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Medical Schools See All-Time Highs

ResidentsBy Ankita Rao
Kaiser Health News

In the face of projected doctor shortages and debate about the future of medicine, a record number of students applied to, and started, medical school this year.

About 20,000 students enrolled in medical school in 2013, around 2.8 percent more than the year before, according to the datadistributed by the Association of American Medical Colleges on Thursday. First-time applications were also up by almost 6 percent.

“We haven’t seen a level like this since 1996,” said Darrell G. Kirch, president and CEO of the organization.

He said four new medical schools, and some expanded class sizes, were responsible for the growth. Kirch also said the number of first-time applicants spoke to the sustained interest in the medical field.

Meanwhile, osteopathic medical schools saw a continued surge in their new student pool, with an 11.1 percent growth in enrollment, according to the Association of American Colleges of Osteopathic Medicine. These students, who graduate with a Doctor of Osteopathy, or D.O. degree, practice in the same capacity as M.D.s.

“We’re enjoying the highest increase in applications of any other health profession in the U.S.,” said Bryan Moody, director of enrollment management at Marian University College of Osteopathic Medicine, one of the four new D.O. schools that opened in the past year.

Moody said the school has looked to recruit diverse applicants with strong academic records, and is hoping to help address a growing shortage of doctors in the surrounding Indiana area, as well as other communities.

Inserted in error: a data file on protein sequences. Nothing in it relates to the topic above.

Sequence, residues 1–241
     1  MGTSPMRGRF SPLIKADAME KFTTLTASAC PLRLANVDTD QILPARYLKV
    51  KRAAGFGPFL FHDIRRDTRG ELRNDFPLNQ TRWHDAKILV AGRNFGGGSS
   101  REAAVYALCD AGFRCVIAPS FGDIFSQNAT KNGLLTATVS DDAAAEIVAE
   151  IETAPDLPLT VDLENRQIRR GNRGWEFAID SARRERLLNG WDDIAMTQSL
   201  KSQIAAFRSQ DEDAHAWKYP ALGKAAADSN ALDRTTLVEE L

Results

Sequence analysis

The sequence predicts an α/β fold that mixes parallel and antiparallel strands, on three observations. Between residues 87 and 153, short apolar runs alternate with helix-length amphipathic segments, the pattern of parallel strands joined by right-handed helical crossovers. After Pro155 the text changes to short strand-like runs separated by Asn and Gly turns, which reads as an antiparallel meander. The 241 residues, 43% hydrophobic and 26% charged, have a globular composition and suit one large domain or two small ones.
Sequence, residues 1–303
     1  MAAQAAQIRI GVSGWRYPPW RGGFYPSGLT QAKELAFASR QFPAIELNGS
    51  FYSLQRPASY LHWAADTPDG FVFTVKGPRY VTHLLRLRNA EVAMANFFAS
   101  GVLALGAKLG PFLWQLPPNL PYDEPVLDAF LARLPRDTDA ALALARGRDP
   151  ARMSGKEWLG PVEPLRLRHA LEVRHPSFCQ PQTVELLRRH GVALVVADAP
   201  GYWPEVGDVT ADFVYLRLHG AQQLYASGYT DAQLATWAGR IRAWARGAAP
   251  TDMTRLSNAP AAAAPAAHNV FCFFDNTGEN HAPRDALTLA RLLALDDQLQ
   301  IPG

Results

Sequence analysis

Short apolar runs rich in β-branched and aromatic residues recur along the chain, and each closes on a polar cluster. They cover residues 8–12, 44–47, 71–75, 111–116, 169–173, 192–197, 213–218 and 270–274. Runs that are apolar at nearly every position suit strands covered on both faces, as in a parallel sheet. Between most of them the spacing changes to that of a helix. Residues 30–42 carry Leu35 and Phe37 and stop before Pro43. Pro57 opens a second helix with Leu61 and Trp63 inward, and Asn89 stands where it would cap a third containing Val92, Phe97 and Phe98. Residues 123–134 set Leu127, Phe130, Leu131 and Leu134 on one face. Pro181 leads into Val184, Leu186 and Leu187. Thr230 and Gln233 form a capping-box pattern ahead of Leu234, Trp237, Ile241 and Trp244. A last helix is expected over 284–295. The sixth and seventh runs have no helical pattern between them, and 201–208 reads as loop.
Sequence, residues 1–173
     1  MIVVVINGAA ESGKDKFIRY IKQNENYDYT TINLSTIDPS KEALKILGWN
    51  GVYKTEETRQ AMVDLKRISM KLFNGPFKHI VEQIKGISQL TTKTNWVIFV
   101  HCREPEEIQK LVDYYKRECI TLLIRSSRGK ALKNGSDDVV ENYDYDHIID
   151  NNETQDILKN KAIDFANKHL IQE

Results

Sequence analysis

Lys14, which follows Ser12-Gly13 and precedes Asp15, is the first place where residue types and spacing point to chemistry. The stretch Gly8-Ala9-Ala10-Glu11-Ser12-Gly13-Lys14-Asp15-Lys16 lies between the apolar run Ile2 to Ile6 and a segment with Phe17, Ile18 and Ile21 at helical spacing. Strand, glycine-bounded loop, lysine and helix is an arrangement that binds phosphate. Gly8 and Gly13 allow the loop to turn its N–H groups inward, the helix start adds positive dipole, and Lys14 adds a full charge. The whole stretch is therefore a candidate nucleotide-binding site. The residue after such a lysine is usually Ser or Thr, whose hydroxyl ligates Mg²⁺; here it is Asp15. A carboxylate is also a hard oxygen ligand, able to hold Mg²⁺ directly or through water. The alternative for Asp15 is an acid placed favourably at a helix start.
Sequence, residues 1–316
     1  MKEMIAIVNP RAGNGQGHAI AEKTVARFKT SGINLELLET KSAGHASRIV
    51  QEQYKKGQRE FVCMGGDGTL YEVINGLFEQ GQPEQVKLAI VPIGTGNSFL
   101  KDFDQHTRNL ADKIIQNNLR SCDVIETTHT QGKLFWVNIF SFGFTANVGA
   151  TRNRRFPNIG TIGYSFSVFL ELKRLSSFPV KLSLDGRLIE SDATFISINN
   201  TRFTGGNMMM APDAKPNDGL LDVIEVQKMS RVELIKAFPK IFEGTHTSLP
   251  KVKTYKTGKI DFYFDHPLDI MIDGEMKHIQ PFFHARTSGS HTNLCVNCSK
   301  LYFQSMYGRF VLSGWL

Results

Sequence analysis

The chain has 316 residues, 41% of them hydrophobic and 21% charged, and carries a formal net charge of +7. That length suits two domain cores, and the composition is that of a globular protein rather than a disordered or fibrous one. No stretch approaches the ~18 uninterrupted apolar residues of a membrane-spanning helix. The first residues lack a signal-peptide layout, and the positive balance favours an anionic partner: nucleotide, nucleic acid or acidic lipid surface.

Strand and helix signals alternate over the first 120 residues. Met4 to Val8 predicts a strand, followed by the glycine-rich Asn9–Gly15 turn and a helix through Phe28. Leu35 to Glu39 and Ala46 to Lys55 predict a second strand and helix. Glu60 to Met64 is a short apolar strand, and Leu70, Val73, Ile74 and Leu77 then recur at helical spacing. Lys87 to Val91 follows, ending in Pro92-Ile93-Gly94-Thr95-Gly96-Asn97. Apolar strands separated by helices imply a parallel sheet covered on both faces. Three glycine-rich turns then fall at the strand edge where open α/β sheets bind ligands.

And while both Moody and Kirch said they were encouraged by the number of enrollees this year, they acknowledged that there are still questions ahead for the medical profession: Congress has yet to reach a decision on proposals to increase the Medicare budget to support additional residency slots. Without such a fix, medical students could graduate from their programs without a way to continue their training.

Moody said schools are turning to their senators and representatives to advocate for this change, while hospitals look at additional ways to fund the programs.

The biggest lobbying force may be the students themselves.

“The students are clear-headed about this, they’re some of the strongest advocates,” Kirch said.


Kaiser Health News is an editorially independent program of the Henry J. Kaiser Family Foundation, a nonprofit, nonpartisan health policy research and communication organization not affiliated with Kaiser Permanente.

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